Health care is a noble career to dedicate your life to, and there are so many options to consider when making your decision as to which job is the best fit for you. Though being a doctor is the first job that most people think of immediately when they think of the health care profession, there are many more types out there. And for those of you who are scared of needles and cringe at the thought of blood, many health care careers don’t require you to go near either one. Here are six jobs to consider if you’re interested in health care.
Okay, so obviously nursing is on this list. But, before you jump headfirst into nursing school, you should probably learn what nurses do first. After all, getting into and finishing nursing school is no easy feat. A registered nurse (RN) is generally who you see first before your doctor shows up. They go over the reasons for your visit, take your vitals, and coordinate your visit with the doctor. They will educate patients on the current health conditions, give advice and emotional support, and administer injections and various medications in the office. Oftentimes, you don’t even need to see an actual doctor, especially if the nurse you’re dealing with is a nurse practitioner – they can actually prescribe medication and administer health care without the signature of a doctor. Learn more about what nurses do here and decide if this profession is the right fit.
Have you ever seen those emotional videos on YouTube where someone who has suffered from hearing loss is able to hear for the first time thanks to technological advances? Well, becoming an audiologist will put you in a field that helps instances like those happen. Audiology is the science of hearing, balance and other related disorders, meaning that as an audiologist you will be caring for patients by preventing, identifying, diagnosing and offering treatment related to auditory disorders. Pretty cool, huh?
Magnetic Resonance Imaging Technologist
Magnetic resonance imaging technologists are usually just referred to as MRI techs. Always in front of the pack in terms of technology, MRI techs use high-tech machines to take 3-D images of the body and its organs. The resulting images are used for a number of diagnostic purposes, from studying the brain to the heart to the muscles. With the unique way in which an MRI is given, MRI techs need to interact with patients on a more understanding and patient level than a lot of others in the health care industry. This is because getting an MRI requires a patient to lie in a very narrow tube for 40 minutes and sometimes longer. MRI techs needs to be able to work with patients who deal with anxiety and claustrophobia, providing them with advice and understanding. Once the test is complete, the tech discusses the results with a radiologist and together they plan any additional tests that should be done.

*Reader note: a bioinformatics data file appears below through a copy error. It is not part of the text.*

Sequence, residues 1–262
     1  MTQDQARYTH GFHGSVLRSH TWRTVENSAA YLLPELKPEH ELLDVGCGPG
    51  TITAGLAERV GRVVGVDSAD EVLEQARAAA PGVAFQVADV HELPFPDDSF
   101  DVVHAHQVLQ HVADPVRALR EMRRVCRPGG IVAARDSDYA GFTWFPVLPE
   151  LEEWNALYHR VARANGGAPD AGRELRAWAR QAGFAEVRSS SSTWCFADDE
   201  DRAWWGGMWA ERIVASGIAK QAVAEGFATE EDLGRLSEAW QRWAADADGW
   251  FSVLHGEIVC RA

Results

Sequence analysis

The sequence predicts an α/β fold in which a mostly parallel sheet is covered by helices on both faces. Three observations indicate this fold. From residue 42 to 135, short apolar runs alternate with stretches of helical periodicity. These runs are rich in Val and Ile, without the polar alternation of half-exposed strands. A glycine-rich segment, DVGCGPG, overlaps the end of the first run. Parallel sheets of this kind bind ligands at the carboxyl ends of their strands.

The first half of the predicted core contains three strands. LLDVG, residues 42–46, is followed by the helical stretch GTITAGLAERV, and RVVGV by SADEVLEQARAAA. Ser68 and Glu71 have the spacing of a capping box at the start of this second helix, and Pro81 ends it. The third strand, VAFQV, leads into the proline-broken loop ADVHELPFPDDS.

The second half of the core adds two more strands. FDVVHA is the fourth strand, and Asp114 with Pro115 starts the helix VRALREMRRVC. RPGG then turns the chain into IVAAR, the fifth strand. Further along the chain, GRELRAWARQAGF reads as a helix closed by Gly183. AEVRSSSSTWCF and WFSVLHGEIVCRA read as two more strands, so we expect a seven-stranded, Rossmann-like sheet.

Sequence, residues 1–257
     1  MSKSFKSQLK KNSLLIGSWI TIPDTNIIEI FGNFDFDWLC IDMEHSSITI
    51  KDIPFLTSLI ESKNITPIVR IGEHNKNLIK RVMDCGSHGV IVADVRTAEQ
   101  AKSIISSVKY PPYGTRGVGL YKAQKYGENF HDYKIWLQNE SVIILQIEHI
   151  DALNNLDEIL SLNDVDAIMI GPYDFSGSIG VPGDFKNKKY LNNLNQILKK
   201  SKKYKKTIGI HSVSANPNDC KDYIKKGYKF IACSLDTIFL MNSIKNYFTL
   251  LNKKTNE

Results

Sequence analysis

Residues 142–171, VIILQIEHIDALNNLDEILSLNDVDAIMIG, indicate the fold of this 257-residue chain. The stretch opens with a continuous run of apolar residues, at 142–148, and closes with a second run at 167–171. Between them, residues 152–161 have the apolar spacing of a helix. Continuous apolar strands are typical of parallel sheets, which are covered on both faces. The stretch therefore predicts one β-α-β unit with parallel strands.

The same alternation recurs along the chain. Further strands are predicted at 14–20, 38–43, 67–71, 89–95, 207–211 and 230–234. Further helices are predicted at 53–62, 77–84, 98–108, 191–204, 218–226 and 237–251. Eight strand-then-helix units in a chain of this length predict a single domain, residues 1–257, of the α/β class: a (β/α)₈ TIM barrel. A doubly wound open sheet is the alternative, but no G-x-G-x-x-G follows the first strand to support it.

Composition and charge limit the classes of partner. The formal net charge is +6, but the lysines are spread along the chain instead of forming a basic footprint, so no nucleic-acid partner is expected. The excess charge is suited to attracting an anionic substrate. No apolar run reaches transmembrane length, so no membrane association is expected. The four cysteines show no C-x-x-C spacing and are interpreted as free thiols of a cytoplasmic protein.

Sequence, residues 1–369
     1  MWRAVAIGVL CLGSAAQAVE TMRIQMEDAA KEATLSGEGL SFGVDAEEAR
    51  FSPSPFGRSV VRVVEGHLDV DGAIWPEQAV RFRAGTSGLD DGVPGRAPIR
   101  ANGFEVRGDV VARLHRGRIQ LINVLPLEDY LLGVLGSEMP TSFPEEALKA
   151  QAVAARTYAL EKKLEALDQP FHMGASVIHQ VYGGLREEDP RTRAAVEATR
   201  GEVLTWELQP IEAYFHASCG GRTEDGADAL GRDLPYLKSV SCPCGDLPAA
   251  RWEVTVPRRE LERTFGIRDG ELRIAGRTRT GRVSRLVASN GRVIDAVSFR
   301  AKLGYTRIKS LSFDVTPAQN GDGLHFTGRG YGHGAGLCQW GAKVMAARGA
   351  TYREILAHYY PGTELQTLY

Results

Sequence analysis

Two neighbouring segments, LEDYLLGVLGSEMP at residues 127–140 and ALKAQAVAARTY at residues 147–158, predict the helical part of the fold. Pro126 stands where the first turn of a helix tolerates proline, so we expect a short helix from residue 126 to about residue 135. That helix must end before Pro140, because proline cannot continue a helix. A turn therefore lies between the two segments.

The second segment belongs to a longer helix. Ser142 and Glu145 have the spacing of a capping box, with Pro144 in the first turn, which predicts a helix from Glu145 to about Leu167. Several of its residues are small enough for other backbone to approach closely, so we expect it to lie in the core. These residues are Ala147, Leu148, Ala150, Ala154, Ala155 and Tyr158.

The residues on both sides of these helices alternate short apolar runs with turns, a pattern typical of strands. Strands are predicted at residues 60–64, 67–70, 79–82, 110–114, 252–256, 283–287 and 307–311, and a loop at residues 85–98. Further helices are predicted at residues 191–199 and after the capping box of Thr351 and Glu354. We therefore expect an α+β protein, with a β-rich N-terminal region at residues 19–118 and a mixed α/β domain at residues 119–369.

Speaking of radiologists, they are doctors of osteopathic medicine, which means that they specialize in diagnosing and treating health issues through the use of various imaging techniques, like x-rays, MRIs, computed tomography (CT) scans, nuclear medicine, ultrasound and positron emission tomography (PER). With such a long list of knowledge, a radiologist has to go through a lot of school and complete at least four years of a residency.
If you love helping people, becoming a physical therapist may be more rewarding for you than becoming a doctor. You will be diagnosing and treating patients of all ages – even newborns – who have medical issues and/or conditions that hinder their ability to move freely as needed. Since physical therapists generally stay with a single patient throughout their rehabilitation journey, which can be difficult and stressful, they get to see a patient start at zero and slowly improve to the point (hopefully) that they no longer need your assistance. It can be pretty amazing to see ones work directly improve and enhance someone else’s life.
A dietitian is an expert in nutrition as it relates to regulating one’s diet to maintain or attain optimal health. They are licensed to diagnose and treat nutritional issues. As a dietitian, you will be working with patients to help them gain a greater understanding of how various foods interact with their bodies and how to manipulate their diet to attain their goals, whether that means losing weight, lowering cholesterol or simply becoming healthier. There are various fields you can choose from too, from sports nutrition to pediatrics to food-allergy.